Some kids have short attention spans, and can act hyper or impulsive. But do these kids all need to be medicated? Today, 3.5 million children in the United States are on medication for Attention Deficit Hyperactive Disorder.
This week on Take Care, Alan Schwarz, a writer for The New York Times who has reported extensively on ADHD, discusses the rise of ADHD diagnoses in children. According to the Centers for Disease Control, 11 percent of school-aged children have been diagnosed with ADHD, but according to Schwarz, some of them may be misdiagnoses.
Click 'Read More' to hear our interview with Alan Schwarz.
According to Schwarz, there isn’t much difference between ADHD and ADD. ADD is an older term, which was used to describe one of the subtypes of ADHD. Schwarz says ADHD is marked by traits in the following three categories: inattentiveness, impulsivity, and hyperactivity. A child can have ADHD without having hyperactive symptoms; that was formerly known as ADD. But Schwarz says that is now known as the inattentive type of ADHD. He says the hyperactive symptoms, are generally found more in boys than anybody else.
Schwarz says that up until recently, children with ADHD have been dismissed as bad kids, or simply ignored and left behind. But when better medications were developed in the 1990s, it became much easier to help children who had been diagnosed.
“I think we’ve started to appreciate just how much trouble these kids were having, kids with extraordinary low attention spans, impulsivity, hyperactivity,” Schwarz said. “And then in the late ‘90s and 2000s, because of very good formulations of medication, it became very easy to say, ‘hey, my kid has a short attention span, my kid is very hard to control. Perhaps some Ritalin or Adderall will get him or her, usually him, to calm down, make his teacher’s life less insane.’”
According to Schwarz, ADHD affects 1-in-5 high school boys. But the diagnosis of the disorder has been rising steadily for about 20 years, and now Schwarz says about 15 percent of children have been diagnosed.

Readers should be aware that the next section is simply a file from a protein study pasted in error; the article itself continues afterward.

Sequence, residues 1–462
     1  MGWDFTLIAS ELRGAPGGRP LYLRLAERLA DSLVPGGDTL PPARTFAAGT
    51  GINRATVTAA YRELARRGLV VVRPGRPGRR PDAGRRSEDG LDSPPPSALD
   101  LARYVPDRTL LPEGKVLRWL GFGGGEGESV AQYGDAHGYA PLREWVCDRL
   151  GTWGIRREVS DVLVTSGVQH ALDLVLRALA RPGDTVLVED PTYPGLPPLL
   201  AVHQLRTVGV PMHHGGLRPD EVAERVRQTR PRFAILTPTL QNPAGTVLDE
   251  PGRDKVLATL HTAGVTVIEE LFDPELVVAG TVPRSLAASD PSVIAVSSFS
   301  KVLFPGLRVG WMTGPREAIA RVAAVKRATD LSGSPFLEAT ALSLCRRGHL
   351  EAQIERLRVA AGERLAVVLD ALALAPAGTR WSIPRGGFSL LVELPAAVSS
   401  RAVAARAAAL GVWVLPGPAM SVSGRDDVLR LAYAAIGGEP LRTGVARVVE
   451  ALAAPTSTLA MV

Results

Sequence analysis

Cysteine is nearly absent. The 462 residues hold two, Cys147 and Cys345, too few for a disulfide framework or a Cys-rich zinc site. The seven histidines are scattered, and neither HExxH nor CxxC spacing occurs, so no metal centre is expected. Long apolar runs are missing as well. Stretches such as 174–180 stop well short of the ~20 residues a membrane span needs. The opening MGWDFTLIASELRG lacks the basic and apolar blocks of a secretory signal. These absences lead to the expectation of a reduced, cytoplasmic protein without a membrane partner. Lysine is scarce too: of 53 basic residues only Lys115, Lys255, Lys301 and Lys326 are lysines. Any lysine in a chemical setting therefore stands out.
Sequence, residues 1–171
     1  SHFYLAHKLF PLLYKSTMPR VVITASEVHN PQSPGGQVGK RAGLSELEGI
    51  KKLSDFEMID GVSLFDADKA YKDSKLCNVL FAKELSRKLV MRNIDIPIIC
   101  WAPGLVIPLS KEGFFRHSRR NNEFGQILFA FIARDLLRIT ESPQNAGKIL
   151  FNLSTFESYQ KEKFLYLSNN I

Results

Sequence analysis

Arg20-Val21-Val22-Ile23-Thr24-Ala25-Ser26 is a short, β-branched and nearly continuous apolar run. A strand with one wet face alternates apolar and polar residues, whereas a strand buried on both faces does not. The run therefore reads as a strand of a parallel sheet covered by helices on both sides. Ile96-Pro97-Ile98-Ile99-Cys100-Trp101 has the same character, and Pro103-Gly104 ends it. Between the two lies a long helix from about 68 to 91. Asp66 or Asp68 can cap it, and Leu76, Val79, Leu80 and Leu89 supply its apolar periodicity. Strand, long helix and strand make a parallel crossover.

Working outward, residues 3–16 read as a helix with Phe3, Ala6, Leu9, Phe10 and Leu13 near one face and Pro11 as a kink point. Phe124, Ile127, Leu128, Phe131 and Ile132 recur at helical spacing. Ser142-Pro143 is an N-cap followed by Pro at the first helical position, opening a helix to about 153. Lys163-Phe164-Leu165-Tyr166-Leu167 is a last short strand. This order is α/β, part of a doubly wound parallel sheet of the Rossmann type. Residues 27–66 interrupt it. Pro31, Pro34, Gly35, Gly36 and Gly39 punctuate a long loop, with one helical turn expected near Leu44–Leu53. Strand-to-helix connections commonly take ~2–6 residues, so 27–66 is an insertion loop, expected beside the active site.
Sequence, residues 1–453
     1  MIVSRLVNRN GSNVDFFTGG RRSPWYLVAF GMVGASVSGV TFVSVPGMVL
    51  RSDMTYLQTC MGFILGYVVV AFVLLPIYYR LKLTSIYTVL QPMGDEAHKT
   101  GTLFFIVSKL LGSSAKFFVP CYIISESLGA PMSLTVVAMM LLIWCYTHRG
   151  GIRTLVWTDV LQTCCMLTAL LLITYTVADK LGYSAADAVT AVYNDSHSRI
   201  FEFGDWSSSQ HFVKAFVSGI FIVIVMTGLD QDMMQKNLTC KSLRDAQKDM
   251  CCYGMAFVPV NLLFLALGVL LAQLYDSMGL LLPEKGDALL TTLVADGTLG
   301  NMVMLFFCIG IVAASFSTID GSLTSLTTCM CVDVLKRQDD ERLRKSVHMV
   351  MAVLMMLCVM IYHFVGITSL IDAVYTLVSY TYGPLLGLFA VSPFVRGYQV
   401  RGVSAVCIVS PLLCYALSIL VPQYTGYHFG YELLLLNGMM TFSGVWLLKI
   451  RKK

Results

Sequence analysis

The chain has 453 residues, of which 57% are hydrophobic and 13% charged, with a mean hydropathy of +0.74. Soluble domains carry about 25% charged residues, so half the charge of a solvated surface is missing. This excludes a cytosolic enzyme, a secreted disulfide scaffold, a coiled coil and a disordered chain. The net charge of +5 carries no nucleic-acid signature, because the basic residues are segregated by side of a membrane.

“I think a lot of people are concerned, though, that we’re kind of pathologizing childhood,” Schwarz said. “We’re taking what is relatively normal, now perhaps annoying, and perhaps above average, but nonetheless relatively normal behavior and medicating it as if it were a condition bad enough to warrant that medication.”
Schwarz says that even though not every child who is diagnosed actually needs medicine, for those who are diagnosed correctly, it can make a positive difference in their education.
“Basically, it can slow the world down for these kids, allow them to take in information better, and that may allow the teaching of some skills to come through,” Schwarz said. “We need to make sure that we take care of the ones who are absolutely real and cannot be left behind.”
But Schwarz also points out that there is some discrepancy in the numbers when it comes to ADHD diagnoses, and he says this shows that there many children who are misdiagnosed.
“An awful lot of medical people insist that 5 to 8 percent of kids have ADHD, and so many of them are being missed out there,” Schwarz said. “And hey, that may be true, but then why are 15 percent of children being diagnosed? I mean, it’s twice as many as it should be, which means more than half the time they’re getting it wrong. No one seems to be making them accountable to that.”